“The bottom line is very, very simple. The aid we seek is what Americans have always done when there’s a disaster. We all come together and aid those areas,” Senate Minority Leader Charles E. Schumer (D-N.Y.) said Wednesday. “It’s bewildering that Republican colleagues have caved to President Trump’s what can be called a temper tantrum.”
Republicans from hard-hit areas like the flooded Midwest and the storm-ravaged South have grown increasingly frustrated with the Democrats’ stance. They contend that they’ve made reasonable offers to Democrats that the Democrats rejected.
“It’s frustrating. It’s mind-boggling,” Senate Appropriations Chairman Richard C. Shelby (R-Ala.) told reporters Wednesday. “I think there’s too much politics involved in the quest to help people that suffered, not just in Puerto Rico but a lot of states. We need to do it. We should have done this six weeks ago.”
At stake is a sweeping $13.45 billion disaster aid package that would send money all over the nation, from California to Hawaii to Alaska to the Midwest and the South. The bill addresses damage from hurricanes, tornadoes, wildfires, flooding and other natural disasters, and includes relief for farmers, assistance for veterans’ health facilities, money to restore highways and numerous other provisions.
The legislation also contains $600 million for Puerto Rico’s food stamp program, money the Trump administration initially opposed, but ultimately agreed to at the urging of Republican senators as the price for passing the larger bill.
Trump has complained repeatedly about Puerto Rico both publicly and privately, accusing island leaders of incompetence and mismanagement and questioning why any more money should be sent to the U.S. territory. Republicans think Trump will not agree to anything more than the $600 million already in the GOP bill, and that Democrats need to accept that level of funding and make a deal.
But Democrats contend that hundreds of millions of dollars more are required for Puerto Rico’s other needs, such as reconstruction projects and repairs to schools and hospitals. They say recent GOP offers did not include new money for Puerto Rico, and therefore were non-starters.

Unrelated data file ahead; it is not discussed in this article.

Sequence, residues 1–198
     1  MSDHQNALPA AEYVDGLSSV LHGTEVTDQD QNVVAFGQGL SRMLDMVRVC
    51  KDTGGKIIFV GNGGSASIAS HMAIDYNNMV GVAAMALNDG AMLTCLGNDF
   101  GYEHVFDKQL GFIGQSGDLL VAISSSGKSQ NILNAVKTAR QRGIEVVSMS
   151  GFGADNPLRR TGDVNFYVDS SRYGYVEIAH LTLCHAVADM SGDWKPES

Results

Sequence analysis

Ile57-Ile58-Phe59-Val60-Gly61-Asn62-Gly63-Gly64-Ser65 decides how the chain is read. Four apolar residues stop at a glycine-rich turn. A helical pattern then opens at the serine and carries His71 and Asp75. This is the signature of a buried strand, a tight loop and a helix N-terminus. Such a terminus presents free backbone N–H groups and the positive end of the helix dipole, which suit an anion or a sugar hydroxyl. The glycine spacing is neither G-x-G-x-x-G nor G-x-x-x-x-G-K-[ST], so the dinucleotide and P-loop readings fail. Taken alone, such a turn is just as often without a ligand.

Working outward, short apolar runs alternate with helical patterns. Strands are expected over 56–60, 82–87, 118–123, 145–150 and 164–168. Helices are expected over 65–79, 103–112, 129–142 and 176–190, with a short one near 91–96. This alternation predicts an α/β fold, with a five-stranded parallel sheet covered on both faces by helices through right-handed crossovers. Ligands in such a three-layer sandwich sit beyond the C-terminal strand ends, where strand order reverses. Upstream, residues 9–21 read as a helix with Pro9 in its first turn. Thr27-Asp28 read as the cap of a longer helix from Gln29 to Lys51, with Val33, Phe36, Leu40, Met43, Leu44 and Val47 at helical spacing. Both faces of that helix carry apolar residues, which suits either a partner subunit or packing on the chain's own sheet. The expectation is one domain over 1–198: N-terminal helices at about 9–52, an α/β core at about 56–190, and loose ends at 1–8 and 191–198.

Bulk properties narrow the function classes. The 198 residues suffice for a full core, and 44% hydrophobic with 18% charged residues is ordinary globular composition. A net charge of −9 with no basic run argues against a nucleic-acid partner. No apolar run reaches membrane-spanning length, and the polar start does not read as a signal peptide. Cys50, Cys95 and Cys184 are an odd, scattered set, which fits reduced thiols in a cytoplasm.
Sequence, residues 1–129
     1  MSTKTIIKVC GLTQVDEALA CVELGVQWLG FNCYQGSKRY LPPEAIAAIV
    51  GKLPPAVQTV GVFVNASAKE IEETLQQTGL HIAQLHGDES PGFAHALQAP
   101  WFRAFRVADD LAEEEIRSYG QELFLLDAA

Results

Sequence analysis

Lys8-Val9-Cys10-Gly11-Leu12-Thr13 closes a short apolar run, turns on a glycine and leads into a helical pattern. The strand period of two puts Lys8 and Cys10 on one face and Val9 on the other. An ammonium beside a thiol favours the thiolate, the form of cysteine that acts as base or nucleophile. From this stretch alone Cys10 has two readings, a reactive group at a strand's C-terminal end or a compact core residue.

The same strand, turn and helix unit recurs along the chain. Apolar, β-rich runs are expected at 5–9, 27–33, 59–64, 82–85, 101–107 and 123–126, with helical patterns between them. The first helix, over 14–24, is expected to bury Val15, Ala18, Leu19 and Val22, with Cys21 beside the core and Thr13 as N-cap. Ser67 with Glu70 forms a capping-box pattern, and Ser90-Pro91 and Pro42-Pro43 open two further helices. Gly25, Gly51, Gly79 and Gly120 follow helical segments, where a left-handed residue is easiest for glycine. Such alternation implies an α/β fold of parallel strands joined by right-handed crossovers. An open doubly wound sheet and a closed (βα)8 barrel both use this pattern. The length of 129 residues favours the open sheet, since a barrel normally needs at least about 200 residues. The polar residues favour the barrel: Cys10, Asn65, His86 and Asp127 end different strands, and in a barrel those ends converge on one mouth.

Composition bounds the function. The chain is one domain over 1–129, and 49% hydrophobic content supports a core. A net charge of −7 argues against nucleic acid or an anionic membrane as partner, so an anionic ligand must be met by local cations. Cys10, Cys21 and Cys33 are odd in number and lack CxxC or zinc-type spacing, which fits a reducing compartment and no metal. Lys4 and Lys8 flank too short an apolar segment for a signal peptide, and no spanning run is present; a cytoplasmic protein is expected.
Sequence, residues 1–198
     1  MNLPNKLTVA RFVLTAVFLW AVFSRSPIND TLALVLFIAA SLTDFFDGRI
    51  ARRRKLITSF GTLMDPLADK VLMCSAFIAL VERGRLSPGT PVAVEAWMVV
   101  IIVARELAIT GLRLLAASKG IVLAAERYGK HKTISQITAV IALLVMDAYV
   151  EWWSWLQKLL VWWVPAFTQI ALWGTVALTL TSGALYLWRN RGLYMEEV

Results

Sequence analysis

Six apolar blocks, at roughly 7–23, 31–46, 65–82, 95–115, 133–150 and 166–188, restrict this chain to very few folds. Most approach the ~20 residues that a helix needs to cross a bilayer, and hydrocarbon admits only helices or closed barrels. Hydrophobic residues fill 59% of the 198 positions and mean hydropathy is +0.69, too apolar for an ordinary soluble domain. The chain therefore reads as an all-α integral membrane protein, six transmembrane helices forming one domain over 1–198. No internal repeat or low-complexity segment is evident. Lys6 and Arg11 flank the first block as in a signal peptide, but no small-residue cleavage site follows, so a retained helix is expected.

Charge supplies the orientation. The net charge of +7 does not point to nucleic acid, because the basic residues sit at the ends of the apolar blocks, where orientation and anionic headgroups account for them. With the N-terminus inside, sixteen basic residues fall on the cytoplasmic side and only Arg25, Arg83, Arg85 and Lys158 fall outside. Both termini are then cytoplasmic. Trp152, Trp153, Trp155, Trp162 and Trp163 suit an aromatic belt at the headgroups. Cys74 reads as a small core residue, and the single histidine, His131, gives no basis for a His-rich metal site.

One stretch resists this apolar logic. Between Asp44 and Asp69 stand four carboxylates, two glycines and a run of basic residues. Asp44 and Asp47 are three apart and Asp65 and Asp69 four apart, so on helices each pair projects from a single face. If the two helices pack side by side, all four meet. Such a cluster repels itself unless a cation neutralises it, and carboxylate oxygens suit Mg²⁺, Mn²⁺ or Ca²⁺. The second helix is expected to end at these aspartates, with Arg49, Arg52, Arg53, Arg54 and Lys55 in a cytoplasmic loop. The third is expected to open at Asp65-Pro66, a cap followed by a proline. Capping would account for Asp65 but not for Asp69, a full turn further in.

The disagreement has left the two sides at loggerheads with the path forward unclear, even as communities all over the United States struggle to recover from various calamities.
“There are still a number of communities in Iowa and across the Midwest that remain underwater with our flooding,” said Sen. Joni Ernst (R-Iowa). “We don’t want to see this as a political football.”
The flooding in Iowa has brought an immediate political dimension to the standoff, as Ernst and Sen. Charles E. Grassley (R-Iowa) have questioned how Senate Democrats who are running for president can campaign in Iowa while simultaneously opposing an aid bill that helps the state. That political argument may be amplified over the coming weeks as lawmakers return to their home states, meet with constituents and hold public events.
House Democrats unveiled a new disaster aid bill of their own this week, with a larger price tag — $17.2 billion — than the Senate GOP version, including more generous aid for Puerto Rico. But Republicans say the Democratic bill includes unacceptable provisions, including new language that would prevent military construction or defense funds from being spent for Trump’s border wall. Democrats added that language as a response to Trump’s declaration of a national emergency at the border, a move that allows him to redirect military construction funds to build border barriers.
The House is expected to pass their legislation after returning from the upcoming recess, but that’s unlikely to unlock the stalemate in the Senate.
The arguments over the legislation have grown increasingly personal, with Sen. Johnny Isakson (R-Ga.) accusing Sen. Patrick J. Leahy (D-Vt.) of bringing up Isakson’s vote against relief for Hurricane Sandy in 2012 in discussion about the current bill.
“We had a few words,” Isakson said.
Leahy, the top Democrat on the Senate Appropriations Committee, said Wednesday that he was simply trying to explain to Isakson that Georgia was covered in a new version of the bill that Leahy had tried to advance.
“I have never voted against another state,” Leahy said, adding: “I love Senator Isakson, he’s a dear, dear friend.”
Mike DeBonis contributed to this report.